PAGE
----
Incoming Secretary of State Rex Tillerson gained congressional approval this week, becoming the sixth high-ranking Trump nominee to be approved by the Senate.
The next big battle will be to fill the late Justice Scalia’s Supreme Court spot, and many Democrats are still angry that Republicans blocked Obama’s nominee Merrick Garland.
On Wednesday, Trump told Senate Republicans to “go nuclear” if the Dems try to block Supreme Court nominee Neil Gorsuch. Trump told Senate Majority Leader Mitch McConnell (R-KY) that it “would be an absolute shame if a man of this quality was put up to that neglect.”
“Going nuclear” refers to a plan that would circumvent a Democratic filibuster by changing the rule that requires a two-thirds majority vote. “The rule requiring a 60-vote majority to approve Gorsuch could be changed with a simple-majority vote – and then Republicans would have the votes to approve his nomination,” repots The Washington Post.
Bipartisan relations have dropped to “historically low levels in Congress,” reports the Post, but Republicans are optimistic that they can get the eight Democratic votes they need to confirm Gorsuch without breaking the rules.
Lawmakers on both sides believe “going nuclear” is a bad idea. “It diminishes the true balance and effectiveness of the Senate,” says Senator Joe Manchin (D-WV).
Democrats like Charles Schumer (D-NY) have been more hostile towards Gorsuch, accusing him of basing legal decision on conservative ideologies and favoring corporate interests over normal people. “I have very serious doubts that Judge Neil Gorsuch is up to the job,” complained Schumer.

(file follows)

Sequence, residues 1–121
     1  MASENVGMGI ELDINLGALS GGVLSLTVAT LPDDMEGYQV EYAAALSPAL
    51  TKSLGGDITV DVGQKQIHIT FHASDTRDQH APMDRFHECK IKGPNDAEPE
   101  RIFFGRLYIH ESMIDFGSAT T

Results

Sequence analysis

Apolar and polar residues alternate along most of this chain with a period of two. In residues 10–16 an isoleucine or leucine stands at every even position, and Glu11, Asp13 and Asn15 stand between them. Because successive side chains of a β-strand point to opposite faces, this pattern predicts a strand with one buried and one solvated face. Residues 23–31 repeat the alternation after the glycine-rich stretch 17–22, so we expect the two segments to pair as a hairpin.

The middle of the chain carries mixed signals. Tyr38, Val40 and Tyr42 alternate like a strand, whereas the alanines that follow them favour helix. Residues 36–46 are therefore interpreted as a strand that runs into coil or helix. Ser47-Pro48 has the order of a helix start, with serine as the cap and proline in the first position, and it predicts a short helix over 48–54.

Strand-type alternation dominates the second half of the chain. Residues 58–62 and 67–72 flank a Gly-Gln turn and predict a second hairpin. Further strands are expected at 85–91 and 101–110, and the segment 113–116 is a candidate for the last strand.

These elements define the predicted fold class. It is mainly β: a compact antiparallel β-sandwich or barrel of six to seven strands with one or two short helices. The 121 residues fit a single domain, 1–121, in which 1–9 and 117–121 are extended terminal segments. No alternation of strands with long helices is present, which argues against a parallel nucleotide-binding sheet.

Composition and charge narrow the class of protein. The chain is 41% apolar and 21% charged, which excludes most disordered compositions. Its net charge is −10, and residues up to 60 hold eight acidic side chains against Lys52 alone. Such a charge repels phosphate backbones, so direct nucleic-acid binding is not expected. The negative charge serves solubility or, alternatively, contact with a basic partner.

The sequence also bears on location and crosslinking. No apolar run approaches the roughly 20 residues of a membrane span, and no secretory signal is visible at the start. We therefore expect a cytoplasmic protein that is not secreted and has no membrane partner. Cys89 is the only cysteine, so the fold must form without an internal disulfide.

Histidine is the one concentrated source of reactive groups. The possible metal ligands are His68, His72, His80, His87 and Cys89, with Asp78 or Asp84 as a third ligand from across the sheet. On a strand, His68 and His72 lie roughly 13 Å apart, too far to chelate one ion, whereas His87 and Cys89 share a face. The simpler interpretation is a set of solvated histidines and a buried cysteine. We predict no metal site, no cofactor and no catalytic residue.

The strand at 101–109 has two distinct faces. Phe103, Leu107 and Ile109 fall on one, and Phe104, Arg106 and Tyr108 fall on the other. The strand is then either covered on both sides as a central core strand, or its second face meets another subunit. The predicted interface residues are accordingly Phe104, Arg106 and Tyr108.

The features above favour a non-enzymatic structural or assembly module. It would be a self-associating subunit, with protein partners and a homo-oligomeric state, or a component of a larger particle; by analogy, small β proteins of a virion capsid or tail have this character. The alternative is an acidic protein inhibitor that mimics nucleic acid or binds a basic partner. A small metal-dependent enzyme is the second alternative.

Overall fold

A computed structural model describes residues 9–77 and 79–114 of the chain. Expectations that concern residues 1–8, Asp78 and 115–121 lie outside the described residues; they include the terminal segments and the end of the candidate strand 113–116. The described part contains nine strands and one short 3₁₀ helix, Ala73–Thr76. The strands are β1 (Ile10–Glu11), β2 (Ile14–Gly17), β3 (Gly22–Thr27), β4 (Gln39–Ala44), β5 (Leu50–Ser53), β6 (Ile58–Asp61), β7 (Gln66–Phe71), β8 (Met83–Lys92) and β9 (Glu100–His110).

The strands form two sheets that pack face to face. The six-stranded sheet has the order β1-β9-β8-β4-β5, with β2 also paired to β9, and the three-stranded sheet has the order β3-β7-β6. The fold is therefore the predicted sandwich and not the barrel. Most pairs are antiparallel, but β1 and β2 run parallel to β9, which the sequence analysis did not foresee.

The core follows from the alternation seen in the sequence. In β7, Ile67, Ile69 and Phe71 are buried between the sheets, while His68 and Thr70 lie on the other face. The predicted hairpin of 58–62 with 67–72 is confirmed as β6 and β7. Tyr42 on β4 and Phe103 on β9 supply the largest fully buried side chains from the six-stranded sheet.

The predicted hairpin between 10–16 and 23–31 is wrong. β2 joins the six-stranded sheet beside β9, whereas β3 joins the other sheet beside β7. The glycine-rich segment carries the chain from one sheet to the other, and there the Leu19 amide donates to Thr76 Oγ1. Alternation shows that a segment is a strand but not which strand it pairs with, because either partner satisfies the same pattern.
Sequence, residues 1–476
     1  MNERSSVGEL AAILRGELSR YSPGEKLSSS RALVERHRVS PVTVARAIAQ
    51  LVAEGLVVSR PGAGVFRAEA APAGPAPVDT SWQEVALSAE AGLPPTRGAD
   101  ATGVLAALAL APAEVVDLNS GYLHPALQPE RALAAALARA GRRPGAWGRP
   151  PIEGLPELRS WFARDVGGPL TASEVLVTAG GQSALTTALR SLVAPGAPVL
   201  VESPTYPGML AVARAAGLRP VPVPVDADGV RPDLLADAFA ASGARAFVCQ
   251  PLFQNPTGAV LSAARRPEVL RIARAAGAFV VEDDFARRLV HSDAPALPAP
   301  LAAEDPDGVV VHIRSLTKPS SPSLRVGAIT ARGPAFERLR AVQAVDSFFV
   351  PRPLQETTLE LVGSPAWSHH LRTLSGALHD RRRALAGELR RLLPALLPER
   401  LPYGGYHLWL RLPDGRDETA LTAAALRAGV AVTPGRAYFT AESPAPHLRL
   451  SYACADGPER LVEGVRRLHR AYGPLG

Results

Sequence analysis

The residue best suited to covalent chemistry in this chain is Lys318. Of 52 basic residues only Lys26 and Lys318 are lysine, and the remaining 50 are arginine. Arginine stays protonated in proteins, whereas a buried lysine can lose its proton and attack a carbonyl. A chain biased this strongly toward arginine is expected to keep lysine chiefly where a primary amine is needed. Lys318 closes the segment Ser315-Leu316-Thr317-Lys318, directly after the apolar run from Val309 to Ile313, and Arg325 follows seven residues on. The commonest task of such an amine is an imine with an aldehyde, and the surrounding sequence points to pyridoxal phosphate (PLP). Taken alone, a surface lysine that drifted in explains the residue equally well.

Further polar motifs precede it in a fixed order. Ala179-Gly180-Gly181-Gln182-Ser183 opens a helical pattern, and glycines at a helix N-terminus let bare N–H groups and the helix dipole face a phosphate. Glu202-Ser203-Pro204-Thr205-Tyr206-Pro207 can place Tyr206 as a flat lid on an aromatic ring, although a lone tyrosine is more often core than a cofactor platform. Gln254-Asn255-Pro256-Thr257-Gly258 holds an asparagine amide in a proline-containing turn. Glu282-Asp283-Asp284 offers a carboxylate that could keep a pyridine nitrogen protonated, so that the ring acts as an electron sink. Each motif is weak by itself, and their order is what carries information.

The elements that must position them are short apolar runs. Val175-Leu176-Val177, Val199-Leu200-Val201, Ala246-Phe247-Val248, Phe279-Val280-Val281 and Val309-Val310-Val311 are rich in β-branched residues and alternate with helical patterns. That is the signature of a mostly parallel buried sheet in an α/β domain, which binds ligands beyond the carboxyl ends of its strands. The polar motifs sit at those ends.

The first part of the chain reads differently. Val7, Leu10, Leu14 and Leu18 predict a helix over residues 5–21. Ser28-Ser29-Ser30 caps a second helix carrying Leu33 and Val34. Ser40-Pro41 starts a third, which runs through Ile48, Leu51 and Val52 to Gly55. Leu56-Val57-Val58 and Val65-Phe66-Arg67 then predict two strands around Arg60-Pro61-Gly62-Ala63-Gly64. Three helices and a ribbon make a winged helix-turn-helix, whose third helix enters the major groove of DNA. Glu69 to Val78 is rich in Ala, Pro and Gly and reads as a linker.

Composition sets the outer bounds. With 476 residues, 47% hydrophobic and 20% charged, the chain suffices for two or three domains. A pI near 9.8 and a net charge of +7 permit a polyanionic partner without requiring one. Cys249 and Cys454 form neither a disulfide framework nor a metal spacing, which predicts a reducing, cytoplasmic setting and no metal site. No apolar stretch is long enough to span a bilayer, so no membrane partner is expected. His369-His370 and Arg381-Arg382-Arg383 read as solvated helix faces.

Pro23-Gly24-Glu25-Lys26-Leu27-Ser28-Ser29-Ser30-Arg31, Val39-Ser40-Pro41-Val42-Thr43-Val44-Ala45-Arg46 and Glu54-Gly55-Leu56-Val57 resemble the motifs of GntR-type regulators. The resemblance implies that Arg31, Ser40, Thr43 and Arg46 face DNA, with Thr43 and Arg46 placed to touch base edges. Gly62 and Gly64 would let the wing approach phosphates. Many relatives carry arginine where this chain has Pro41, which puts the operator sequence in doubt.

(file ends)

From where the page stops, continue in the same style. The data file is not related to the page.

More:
Senator Bill Nelson (D-FL), who could vote either way, says he’s “concerned” about Gorsuch’s views on campaign finance laws and voting rights.
Senate Republicans have labeled Gorsuch “mainstream,” with McConnell praising him as a “judge who’s known for deciding cases based on how the law is actually written, not how he wishes it were written, even when it leads to results that conflict with his own political beliefs.”
Trump’s pick to lead the Dept. of Education – Betsy DeVos – is in an even worse position than Gorsuch, and lawmakers on both sides are concerned with her focus on charter schools.
“I’m worried that Mrs. DeVos’s lack of experience with public schools will make it difficult for her to fully understand, identify, and assist with those challenges,” says Senator Susan Collins (R-ME). Republicans hold an effective 52-48 majority, but at least two have hinted that they will be siding with the Democrats against DeVos.
The vote on AG nominee Jeff Sessions (R-AL) will also be interesting. As I wrote in a previous article, the confirmation vote on Sessions has been transformed into a referendum on Trump’s controversial immigration policies. Sessions won approval from the Senate Judiciary Committee this week, and we expect him to win full approval soon.